Many of the words I have said, I wish I could unsay. Many of the actions I have taken, I wish I could undo. If wishes were horses, then I would ride into the past to fix the many blunders and cruelties that lie on my conscience. Instead, I walk forward and try to do better.
We are here to protect each other from mistakes that we have known before. We are here to invite each other to co-create conditions for all of our freedom. We are here to meet needs.
The Religious Society of Friends coheres around a central insight, which was advanced in the mid-1600s by George Fox, James Nayer, Margaret Fell, and hundreds of others: Every person can experience “Truth” directly. Early Friends agreed to organize themselves according to a common set of practices – a way of life – to encourage each other to continually turn their attentions back toward that experience of Truth. Most essentially, George Fox said he was “sent to turn people . . . by the grace of God [to the] Truth in the heart . . . that they might know the pure religion, and might visit the fatherless, and widows and strangers.” (circa 1675) To that end, the Elders at Balby met in 1656 to produce and publish a practical list of points of advice for the organization of Friends meetings. “[These] things we do not lay upon you as a rule or form to walk by, but that all, with a measure of the Light, which is pure and holy, may be guided . . .” A significant portion of that document concerns the responsibility of each local meeting “to exhort and admonish” members whom “they find negligent or disorderly,” along with a caution to move slowly (“none suddenly”) in the process of recognizing new members, “lest the Truth suffer.”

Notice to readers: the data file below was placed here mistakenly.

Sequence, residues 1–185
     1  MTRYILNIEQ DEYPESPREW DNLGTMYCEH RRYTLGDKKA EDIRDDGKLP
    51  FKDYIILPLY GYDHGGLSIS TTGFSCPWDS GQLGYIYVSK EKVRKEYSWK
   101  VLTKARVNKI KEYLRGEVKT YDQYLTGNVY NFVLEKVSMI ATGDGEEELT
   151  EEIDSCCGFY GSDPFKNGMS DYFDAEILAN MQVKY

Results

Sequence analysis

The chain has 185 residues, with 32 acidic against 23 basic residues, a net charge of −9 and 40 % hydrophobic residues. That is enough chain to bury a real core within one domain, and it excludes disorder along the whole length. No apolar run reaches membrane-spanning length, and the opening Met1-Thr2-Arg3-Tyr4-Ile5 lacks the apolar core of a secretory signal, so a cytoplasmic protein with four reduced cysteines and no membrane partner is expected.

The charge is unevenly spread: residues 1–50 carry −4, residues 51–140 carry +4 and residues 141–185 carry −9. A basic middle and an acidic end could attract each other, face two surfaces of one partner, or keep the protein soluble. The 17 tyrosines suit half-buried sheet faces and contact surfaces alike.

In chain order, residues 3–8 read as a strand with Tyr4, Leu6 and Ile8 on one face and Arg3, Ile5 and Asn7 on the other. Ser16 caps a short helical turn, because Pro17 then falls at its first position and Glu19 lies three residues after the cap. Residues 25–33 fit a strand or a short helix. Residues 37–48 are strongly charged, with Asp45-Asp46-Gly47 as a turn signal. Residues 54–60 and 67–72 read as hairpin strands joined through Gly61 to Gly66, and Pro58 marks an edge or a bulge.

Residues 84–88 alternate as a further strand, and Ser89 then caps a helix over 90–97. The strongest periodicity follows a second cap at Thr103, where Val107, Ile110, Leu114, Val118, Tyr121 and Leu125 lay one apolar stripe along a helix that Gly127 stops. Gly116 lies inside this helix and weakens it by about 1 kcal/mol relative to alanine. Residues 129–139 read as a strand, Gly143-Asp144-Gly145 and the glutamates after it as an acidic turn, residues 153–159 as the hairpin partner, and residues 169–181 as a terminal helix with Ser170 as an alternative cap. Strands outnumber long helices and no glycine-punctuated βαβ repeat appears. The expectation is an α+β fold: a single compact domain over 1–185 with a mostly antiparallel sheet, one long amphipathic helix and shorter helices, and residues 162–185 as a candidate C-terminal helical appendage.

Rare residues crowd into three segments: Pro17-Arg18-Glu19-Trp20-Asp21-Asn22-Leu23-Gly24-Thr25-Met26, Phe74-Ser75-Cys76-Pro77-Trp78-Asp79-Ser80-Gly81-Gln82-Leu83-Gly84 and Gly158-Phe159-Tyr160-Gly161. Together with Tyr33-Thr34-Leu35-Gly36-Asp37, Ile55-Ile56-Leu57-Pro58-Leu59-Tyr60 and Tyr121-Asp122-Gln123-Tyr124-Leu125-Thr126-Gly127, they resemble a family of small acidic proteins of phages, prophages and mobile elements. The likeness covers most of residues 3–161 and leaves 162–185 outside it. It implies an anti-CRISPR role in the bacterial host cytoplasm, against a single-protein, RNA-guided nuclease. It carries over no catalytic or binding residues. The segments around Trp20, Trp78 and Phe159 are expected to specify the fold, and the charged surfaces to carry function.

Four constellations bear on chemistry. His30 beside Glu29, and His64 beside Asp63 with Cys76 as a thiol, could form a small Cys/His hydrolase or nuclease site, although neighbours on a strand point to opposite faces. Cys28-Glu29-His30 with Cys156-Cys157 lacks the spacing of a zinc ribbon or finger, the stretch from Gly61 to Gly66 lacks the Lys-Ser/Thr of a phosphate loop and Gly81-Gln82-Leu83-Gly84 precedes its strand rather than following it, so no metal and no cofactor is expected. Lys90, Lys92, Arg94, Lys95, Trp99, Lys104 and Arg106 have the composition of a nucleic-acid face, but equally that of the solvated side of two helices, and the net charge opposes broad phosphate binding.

“You are known by the company you keep” might be a cliché. Yet I can easily think of ways that I know my own self by the company I keep. The question of “Who’s in and who’s out?” cuts to the heart of identity – for the group and the individual.
I will never shake the hand of George Fox or James Naylor or Margaret Fell. I will never shake the hand of a Friend who was enslaved or forcibly “Christianized” by another Friend. But I walk among the echoes of all those Friends’ lives. The impact of each life radiates outward and all crisscross – like rain on a pond – and it’s almost impossible tell where any particular wavelet is coming from. Not all echoes in the mix are emanating from Friends. This is where our practice of expectant waiting would turn our attentions away from the clamor and towards the Source. “[Dear] friends, look not out into the visible things, for there [are] . . . false voices and visions . . . Therefore, sink down into the sufferings . . .
for there is a vale of tears to pass through. You shall find your wellsprings in [God], where you shall drink of the water of life, and find refreshment, and grow from strength to strength . . .” (Nayler, 1653)
The original organizing principle of the Religious Society of Friends was not that members should seek to be Good People. It was that members should seek the Truth in the heart. This includes facing the painful truth that humans are filled with falsehoods. Margaret Fell, who described herself in her youth as “one that sought . . . to serve God [so] as I might be accepted of Him,” (1690) found herself devastated upon first hearing George Fox preach. “I wondered at his doctrine, for I had never heard such before. . . it cut me to the heart. Then I saw clearly, we were all wrong. Then I . . . cried bitterly. I cried in my spirit to the Lord, ‘We are all thieves, we are all thieves. We have taken the scriptures in words, and know nothing of them in ourselves.’” (1694)
The Religious Society of Friends carries a burden of guilt and a burden of glory, both attached to our name. All who would call themselves by that name should be ready to take part in our collective obligation to discover what it means to be true Friends today, especially while the concern spreads more thoroughly among us that it matters that we have been false Friends before. ~~~